When I was growing up, Saturday was Chore Day. I didn’t appreciate how little this day differed from my mother’s other days. She probably thought of it as Reinforcements Day. Today, I still equate Saturday with household chores and, although the impulse thankfully is getting easier to fight, the idea of a “perfect” Saturday seems so indulgent. Yet once committed to being the boss of my life, it can be done.
8 a.m. First, coffee. The beans are robust at Rustica (3220 W. Lake St., Mpls.) but more to the point, their tart yet creamy Apricot Soleil is like biting into a sunrise. Onward. At this point, I may panic a bit, fearing making an unwise choice and marring potential perfection. Some planning is required.
9 a.m. In the spirit of full disclosure, I will have checked estate sale listings (http://classifieds.startribune.com/default/garage-sales/search) for ones with table linens or strange garden ornaments or other ephemera. The trick is not to commit the day to this, but to see if serendipity is with me for an hour or so.
10 a.m. A deadline-free Saturday leads me to a favorite pursuit of seeking out art, preferably by nonprofessionals like me. (Or, in the spirit of full disclosure: students like me.) That’s why I check the calendars of exhibits in civic art centers, which often are more aspirational and encouraging than astonishing and intimidating. Some favorites are the Hopkins Center for the Arts (1111 Mainstreet), the Bloomington Center for the Arts, (1800 W. Old Shakopee Rd.), the Minnetonka Center for the Arts (2240 N. Shore Dr., Wayzata) and the White Bear Center for the Arts (4971 Long Av., White Bear Lake).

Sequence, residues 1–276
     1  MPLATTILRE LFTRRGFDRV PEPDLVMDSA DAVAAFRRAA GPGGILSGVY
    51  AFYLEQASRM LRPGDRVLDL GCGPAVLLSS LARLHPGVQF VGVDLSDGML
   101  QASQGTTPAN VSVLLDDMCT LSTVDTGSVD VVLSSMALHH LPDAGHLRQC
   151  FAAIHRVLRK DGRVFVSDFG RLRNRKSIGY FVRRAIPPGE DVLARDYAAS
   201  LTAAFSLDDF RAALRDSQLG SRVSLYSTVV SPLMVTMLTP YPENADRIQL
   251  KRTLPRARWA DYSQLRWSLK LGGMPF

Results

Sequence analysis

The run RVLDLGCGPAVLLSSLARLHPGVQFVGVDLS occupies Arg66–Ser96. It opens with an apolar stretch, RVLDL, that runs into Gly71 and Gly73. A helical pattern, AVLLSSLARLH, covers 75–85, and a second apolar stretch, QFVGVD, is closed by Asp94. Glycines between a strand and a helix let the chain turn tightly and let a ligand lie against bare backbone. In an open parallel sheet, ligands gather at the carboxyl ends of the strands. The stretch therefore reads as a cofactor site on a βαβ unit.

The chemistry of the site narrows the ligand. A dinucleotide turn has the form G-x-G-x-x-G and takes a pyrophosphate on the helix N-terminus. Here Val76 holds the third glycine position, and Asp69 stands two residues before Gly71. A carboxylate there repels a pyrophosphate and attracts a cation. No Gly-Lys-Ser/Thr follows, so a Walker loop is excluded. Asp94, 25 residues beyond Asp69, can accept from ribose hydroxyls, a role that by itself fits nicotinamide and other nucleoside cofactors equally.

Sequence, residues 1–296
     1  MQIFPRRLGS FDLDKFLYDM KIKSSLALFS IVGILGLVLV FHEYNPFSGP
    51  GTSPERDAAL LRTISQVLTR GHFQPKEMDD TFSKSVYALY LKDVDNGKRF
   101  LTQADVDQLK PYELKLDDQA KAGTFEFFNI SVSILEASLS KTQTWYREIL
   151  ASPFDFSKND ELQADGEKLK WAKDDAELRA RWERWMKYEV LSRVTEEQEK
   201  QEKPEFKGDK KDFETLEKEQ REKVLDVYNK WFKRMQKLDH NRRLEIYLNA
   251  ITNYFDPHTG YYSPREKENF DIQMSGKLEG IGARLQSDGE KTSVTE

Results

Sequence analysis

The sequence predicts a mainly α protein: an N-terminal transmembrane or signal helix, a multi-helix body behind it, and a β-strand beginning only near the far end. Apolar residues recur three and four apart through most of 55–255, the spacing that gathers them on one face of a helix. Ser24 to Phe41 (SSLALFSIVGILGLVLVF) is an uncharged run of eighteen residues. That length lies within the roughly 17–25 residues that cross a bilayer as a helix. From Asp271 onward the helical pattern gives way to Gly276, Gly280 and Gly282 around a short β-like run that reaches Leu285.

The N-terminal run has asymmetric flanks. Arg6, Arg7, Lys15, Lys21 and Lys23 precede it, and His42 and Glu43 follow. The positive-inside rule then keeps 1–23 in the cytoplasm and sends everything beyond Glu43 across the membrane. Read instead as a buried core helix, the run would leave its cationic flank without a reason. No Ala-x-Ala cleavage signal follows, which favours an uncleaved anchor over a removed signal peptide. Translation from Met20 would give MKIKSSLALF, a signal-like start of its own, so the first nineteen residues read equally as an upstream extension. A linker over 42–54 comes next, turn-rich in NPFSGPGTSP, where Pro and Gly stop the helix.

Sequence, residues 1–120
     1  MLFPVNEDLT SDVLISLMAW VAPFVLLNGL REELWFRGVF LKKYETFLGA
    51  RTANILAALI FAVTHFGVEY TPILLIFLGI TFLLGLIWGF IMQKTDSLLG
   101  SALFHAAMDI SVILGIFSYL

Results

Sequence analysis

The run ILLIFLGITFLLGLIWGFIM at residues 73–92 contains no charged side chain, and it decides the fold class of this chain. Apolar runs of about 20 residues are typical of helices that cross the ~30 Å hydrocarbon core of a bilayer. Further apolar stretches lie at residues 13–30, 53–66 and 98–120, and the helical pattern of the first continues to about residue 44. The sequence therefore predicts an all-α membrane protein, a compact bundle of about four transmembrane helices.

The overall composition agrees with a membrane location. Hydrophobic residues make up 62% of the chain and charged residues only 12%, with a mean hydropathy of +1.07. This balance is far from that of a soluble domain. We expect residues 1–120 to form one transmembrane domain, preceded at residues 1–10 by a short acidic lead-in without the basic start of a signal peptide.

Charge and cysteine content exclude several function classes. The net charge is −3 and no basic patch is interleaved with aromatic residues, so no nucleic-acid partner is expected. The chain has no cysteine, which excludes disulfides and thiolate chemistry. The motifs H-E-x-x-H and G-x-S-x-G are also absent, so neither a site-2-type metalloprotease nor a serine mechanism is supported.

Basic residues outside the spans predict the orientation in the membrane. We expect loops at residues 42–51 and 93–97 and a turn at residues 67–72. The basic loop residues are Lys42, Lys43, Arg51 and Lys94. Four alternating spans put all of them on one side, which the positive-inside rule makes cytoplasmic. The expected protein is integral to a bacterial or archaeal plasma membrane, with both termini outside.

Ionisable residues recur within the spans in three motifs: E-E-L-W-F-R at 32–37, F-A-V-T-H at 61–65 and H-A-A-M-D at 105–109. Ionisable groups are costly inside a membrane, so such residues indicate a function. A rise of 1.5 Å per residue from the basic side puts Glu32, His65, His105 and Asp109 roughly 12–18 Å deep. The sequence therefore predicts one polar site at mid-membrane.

1 p.m. With January never far from mind, I’ll opt for a picnic. Clancey’s Meat & Fish (4307 Upton Av. S., Mpls.) is a treasure, with house-smoked meats and fish and unexpected items like house-made pheasant pâté or fiddlehead ferns. If I need bread, and I will, Honey & Rye Bakehouse (4501 Excelsior Blvd., St. Louis Park) has perfect baguettes and addictive coconut macaroons that must be borderline legal. Hilltops are made for picnics and there are several decent heights-with-vistas nearby: Wolfe Park in St. Louis Park behind the Excelsior & Grand apartments, tiny Browndale Park (4905 Morningside Rd., St. Louis Park) or even the grassy tiers above the band shell at Centennial Lakes in Edina.
3 p.m. With the afternoon dwindling, I’ll visit Art Materials (2728 Lyndale Av. S., Mpls.), asking their advice and taking my sweet time pondering hues of blue and whether I need a new brush, or three.
5 p.m. At this point, I’m ready to fuss in my own kitchen. Seeking a big red wine, I’ll swing by Jennings Liquor (4631 Excelsior Blvd., St. Louis Park). It’s not tony, but the business first opened a few doors down in 1946, and I like stick-to-it-iveness. Then I’ll stop at Linden Hills Co-op (3815 Sunnyside Av., Mpls.), letting combos of produce and protein audition in my brain.
8 p.m. After dinner, we might walk over to Lake Harriet and watch the last sailboats waft back to their moorings, eavesdropping on conversations that carry so well over water — then provide the same entertainment to folks lingering on their porches as we walk back home.